Ursula Duba was born in Cologne, Germany in 1938. Nonetheless, she did not learn of the Holocaust until after she turned 19. Several years thereafter, she moved to a Brooklyn neighborhood, then home to many Holocaust survivors. Keenly intelligent and profoundly empathetic, Ursula decided to turn her moral outrage over the Nazi era and its aftermath within German society into a career as a scholar, writer, educator, and poet.

Her most recently published book is Germany: The Legacy of Bystanders, Cowards, Informers, Desktop Murderers, and Executioners.

The volume is divided into two parts.

The first is adopted from a lecture Ursula delivered at Yale University as part of that institution’s Genocide Studies Program. It includes trenchant, complex, and emotionally challenging observations about how non-Jewish Germans dealt with Nazi history in the immediate post-war era through to the turn of the century. The second part of the book includes a sampling of Ursula’s singular poetry of conscience.

One fascinating aspect of Ursula Duba’s Germany is the author’s willingness to illustrate ignoble aspects of German society with anecdotes from her own family’s behavior and ways of thinking. The book thus is a hybrid between social psychology and memoir.

Brief though this volume may be, Ursula’s capacity for fully exposing social hypocrisy by setting one trenchant observation atop another, and then another again could well be taken as a model of its kind. More specifically, though, the writer explicates particular facets of post-war German society so keenly and concisely that I am hard-pressed to think of any single essay or book that does the job better. And, although Ursula’s work is palpably fueled by outrage, emotion never gets the better of reason in her treatment of any individual topic.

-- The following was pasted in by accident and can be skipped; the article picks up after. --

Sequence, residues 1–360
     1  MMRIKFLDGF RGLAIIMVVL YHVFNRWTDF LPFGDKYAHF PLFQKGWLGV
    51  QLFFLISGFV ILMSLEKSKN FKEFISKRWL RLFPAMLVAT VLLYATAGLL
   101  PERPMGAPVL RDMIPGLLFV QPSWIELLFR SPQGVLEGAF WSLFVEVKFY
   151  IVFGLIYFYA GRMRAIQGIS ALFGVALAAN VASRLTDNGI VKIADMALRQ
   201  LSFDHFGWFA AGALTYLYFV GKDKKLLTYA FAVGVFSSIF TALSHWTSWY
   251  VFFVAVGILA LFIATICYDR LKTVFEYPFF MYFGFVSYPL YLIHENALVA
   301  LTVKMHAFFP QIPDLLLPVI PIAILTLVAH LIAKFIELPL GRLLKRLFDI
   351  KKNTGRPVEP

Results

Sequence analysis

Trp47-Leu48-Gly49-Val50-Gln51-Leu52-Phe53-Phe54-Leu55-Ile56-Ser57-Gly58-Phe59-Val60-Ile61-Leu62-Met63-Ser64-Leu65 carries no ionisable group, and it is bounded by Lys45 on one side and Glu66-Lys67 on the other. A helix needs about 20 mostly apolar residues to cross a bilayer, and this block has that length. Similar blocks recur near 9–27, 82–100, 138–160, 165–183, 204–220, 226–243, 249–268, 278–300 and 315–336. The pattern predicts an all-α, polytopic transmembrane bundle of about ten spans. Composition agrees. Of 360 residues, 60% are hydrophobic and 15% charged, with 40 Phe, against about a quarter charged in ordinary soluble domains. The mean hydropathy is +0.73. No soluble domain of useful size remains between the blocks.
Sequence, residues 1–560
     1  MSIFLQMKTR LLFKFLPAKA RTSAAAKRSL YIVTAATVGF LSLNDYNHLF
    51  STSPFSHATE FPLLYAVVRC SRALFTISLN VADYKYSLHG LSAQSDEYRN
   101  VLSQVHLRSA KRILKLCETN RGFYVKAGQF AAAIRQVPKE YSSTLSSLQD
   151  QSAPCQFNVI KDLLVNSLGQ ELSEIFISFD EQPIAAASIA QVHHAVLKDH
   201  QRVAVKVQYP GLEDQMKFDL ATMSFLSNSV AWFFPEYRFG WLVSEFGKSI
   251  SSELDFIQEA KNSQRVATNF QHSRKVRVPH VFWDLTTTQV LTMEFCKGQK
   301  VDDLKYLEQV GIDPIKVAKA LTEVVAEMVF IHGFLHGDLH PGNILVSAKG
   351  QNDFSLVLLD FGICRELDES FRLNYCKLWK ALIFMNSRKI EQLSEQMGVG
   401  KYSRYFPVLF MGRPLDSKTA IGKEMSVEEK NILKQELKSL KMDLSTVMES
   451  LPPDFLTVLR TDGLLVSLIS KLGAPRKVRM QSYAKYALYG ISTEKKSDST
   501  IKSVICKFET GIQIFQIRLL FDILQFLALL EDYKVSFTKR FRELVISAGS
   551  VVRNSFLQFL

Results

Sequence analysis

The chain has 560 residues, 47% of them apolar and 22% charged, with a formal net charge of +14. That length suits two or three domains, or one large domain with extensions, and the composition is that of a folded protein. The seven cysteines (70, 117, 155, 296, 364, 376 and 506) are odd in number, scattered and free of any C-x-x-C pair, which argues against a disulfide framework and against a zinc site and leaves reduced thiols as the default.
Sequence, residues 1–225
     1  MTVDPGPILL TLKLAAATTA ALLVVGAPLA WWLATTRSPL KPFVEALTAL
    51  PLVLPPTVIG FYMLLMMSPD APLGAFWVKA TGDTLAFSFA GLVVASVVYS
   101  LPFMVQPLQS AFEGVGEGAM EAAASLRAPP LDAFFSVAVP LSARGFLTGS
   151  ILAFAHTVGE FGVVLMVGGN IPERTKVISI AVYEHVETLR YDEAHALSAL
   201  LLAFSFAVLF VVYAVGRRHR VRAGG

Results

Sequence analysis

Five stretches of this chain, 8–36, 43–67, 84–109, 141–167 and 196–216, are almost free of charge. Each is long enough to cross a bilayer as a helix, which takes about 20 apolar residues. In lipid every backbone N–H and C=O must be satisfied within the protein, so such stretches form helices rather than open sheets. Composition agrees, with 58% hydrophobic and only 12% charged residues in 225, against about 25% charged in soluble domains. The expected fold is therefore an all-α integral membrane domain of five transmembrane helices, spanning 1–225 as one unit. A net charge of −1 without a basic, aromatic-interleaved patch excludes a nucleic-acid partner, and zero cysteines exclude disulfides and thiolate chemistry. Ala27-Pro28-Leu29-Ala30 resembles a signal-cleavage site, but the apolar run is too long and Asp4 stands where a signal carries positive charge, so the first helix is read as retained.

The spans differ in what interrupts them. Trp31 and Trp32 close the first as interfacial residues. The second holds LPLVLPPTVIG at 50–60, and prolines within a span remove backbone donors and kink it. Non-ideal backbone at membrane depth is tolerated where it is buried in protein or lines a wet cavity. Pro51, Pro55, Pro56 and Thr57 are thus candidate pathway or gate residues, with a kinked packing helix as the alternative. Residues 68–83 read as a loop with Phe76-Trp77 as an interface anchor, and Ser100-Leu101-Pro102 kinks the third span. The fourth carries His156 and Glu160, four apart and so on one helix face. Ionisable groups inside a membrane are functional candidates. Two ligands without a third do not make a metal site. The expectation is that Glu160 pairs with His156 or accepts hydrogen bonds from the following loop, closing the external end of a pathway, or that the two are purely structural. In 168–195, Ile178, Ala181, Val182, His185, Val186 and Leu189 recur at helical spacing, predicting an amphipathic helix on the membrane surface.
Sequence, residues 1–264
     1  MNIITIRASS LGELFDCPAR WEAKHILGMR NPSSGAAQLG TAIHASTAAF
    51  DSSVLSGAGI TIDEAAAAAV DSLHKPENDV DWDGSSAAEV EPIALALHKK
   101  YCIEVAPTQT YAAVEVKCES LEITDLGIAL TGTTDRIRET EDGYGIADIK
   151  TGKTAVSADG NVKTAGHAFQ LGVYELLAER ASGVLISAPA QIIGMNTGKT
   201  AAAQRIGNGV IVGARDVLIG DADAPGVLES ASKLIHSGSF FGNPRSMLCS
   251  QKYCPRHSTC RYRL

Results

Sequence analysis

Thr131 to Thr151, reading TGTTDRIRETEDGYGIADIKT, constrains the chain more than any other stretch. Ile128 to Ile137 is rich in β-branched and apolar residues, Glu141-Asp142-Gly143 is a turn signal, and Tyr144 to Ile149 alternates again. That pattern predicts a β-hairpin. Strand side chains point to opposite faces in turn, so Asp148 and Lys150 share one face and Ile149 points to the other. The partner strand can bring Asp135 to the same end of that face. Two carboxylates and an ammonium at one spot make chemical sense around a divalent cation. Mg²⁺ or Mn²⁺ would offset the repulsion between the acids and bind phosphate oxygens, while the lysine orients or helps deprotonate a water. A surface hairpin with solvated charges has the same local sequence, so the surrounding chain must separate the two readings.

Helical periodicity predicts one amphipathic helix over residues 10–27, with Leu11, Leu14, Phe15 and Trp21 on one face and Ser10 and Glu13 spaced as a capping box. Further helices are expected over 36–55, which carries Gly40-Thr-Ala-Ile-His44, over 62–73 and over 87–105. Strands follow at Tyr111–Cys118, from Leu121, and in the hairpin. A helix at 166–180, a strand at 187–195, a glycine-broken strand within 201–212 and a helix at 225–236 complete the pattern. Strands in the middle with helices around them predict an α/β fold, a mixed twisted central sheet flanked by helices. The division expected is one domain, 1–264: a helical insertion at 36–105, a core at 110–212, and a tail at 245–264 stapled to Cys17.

In giving readings from her poetry books to students at international schools in Europe, Ursula noticed that most students processed Holocaust-related matters appropriately, but German students reacted to them with anger. One German student told her: “If it weren’t for people like you spreading all this sh**, we wouldn’t be mistreated by the rest of the world.”

That and similar reactions led Ursula to take a deep look at just why German students were reacting that way. In this book, she reaches some intriguing conclusions, and suggests remedies that might be useful for any country looking to overcome crimes against humanity committed in its past.

Ursula’s poetry, meanwhile, is austere, as well as being relentlessly, compellingly moral. To cite here just one example, her poem Words examines how people can accept, but on the other hand, shirk responsibility for wicked deeds through seemingly simple, yet profoundly important choices of words.

In sum, this slim volume imparts a wealth of moral wisdom; time reading it is time very well spent. Additionally, Ursula’s close, unflinching view of post-war German society will be of great value to all who are interested in modern European history.

To see Ursula Duba’s Germany: The Legacy of Bystanders, Cowards, Informers, Desktop Murderers, and Executioners on Amazon, go here.

The Penguin Random House page for Ursula Duba is here.

Ursula Duba wrote a fascinating book review of Ernestine Schlant’s The Language of Silence – West German Literature and the Holocaust. You may read that review here.

To hear Ursula Duba interviewed by Lorna Benson for NPR, go here.

To see Ursula Duba interviewed for “The Obligations of Memory” series, go here.

Find Ursula Duba on LinkedIn here,



  1. Arlette on February 6, 2023 at 1:57 pm

    I read this book and agree with you. It is excellent, and I highly recommend it. I loved her previous books too.

Leave a Comment